More states and countries are coming to the conclusion that COVID-19 lockdowns like those in China and New Zealand are overly restrictive and too costly. People in democracies will simply not tolerate them. Sweden has "flattened the curve" of COVID-19 without ordering its citizens to stay inside. It has kept open its shops, schools for those under 16, and restaurants and bars. Its health authorities trusted its citizens to wash their hands and social distance without imposing laws. Anders Tegnell, the Swedish epidemiologist [said,] "We see no point in wearing a face mask." Swedish health authorities ... pride themselves on "following the science" and are highly respected. Sweden made a mistake ... when it, like the state of New York, sent recovering patients back to their nursing homes too soon (in the U.S., nursing home residents [and staff] account for ... 45% of COVID-19 fatalities). [Yet Swedish] schools stayed open with little risk to students. Studies from Sweden and the Netherlands ... have found teachers at no greater risk than the overall population. Sweden is approaching record lows while its European neighbors are seeing increasing rates. Sweden had about 30,000 new cases in June ... and was down to 7,000 new cases in August. During this time, cases took off in Spain, France and Germany. Sweden's current rate of positive tests is lower than those in Norway and Denmark. [Its] economy will contract by about 4.6%. In contrast, the European Union economy is expected to contract 11.9%. The U.S. economy contracted at a 32.9% annual rate between April and June. New Zealand's GDP contracted by 13.8% in the April-June period and has entered a recession, which Sweden has not.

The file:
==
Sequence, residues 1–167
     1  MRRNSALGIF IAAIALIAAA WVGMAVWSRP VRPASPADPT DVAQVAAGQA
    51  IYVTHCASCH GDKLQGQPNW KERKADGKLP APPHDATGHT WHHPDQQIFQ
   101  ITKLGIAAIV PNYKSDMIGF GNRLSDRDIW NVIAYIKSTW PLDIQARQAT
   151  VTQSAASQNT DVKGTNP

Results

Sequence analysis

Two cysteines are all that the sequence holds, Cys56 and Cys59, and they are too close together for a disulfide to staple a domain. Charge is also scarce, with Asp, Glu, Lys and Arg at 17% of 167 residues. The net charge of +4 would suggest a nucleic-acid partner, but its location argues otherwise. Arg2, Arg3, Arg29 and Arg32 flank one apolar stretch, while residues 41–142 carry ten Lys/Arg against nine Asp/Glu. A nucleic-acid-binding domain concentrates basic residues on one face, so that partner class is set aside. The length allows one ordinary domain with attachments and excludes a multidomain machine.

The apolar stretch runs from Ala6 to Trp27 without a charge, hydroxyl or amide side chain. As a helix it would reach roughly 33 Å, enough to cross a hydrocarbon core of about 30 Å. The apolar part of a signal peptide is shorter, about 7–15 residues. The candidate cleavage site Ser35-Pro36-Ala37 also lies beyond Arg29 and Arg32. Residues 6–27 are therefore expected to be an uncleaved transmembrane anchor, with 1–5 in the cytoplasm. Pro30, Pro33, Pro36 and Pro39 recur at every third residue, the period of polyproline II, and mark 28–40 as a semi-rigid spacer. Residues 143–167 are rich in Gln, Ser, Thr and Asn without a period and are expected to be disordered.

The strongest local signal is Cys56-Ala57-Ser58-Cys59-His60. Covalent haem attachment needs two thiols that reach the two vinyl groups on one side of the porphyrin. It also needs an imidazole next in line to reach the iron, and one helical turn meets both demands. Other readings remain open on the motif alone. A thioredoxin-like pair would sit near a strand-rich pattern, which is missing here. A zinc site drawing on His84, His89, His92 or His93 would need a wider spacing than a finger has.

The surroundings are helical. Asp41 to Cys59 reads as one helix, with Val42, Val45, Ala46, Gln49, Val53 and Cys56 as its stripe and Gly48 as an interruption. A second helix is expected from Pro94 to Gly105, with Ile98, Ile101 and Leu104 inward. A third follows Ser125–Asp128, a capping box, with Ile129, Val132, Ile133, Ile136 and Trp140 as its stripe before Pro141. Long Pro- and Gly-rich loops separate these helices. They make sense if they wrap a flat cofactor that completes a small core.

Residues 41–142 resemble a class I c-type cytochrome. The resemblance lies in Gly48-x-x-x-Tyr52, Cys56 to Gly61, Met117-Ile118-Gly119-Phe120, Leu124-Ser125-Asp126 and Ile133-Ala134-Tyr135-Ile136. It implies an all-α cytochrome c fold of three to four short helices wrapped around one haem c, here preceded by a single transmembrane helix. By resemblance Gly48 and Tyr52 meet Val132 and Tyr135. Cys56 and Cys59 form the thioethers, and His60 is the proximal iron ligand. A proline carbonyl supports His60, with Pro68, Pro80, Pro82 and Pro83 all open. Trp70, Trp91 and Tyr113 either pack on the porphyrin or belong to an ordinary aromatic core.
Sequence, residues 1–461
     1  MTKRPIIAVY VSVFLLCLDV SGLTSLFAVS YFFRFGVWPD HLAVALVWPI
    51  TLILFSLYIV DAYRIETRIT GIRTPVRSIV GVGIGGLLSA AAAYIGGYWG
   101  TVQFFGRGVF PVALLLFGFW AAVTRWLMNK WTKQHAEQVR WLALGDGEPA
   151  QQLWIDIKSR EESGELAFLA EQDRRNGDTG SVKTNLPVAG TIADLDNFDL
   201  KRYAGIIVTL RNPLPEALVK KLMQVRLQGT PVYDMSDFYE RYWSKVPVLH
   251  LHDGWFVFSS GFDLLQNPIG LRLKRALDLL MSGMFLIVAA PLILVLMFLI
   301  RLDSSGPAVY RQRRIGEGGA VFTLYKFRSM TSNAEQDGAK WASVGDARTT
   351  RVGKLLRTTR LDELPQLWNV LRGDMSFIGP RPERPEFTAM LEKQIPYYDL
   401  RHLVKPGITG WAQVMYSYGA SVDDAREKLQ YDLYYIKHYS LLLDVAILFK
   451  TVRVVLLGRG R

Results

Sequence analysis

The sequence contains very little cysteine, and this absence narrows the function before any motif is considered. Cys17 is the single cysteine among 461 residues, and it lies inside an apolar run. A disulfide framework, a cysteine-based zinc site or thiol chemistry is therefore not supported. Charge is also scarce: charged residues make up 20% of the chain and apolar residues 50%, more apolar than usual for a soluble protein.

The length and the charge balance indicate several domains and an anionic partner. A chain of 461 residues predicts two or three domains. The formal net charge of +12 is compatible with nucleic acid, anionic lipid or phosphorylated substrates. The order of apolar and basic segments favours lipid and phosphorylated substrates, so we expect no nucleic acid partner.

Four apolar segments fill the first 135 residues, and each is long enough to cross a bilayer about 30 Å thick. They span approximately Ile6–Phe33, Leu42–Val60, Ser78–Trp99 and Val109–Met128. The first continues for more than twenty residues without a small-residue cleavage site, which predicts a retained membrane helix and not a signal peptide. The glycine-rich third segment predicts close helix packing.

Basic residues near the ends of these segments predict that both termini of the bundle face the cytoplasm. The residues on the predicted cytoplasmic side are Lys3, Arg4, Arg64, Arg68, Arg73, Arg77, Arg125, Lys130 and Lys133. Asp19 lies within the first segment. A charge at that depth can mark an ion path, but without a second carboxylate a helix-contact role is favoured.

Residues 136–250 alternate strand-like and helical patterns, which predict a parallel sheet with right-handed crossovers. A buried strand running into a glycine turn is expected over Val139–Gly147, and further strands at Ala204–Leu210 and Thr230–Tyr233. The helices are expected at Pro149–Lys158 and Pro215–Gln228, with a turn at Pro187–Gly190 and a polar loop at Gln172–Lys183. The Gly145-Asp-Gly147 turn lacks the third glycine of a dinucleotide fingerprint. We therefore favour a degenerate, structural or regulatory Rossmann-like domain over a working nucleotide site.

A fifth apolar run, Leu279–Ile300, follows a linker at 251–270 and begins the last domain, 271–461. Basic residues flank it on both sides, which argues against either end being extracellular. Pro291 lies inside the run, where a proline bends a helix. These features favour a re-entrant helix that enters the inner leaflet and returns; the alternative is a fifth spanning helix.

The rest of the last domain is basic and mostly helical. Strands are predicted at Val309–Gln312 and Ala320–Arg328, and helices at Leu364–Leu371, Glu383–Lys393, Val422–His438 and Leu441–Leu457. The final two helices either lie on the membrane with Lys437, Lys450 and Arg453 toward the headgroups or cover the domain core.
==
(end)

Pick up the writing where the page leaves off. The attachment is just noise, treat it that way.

Note: Explore a revealing article in the BMJ (formerly British Medical Journal) for more on Sweden's unusual success. Read a balanced, informative New York Times article written by a Swede about her experience there. For more along these lines, see concise summaries of deeply revealing news articles on the coronavirus from reliable major media sources.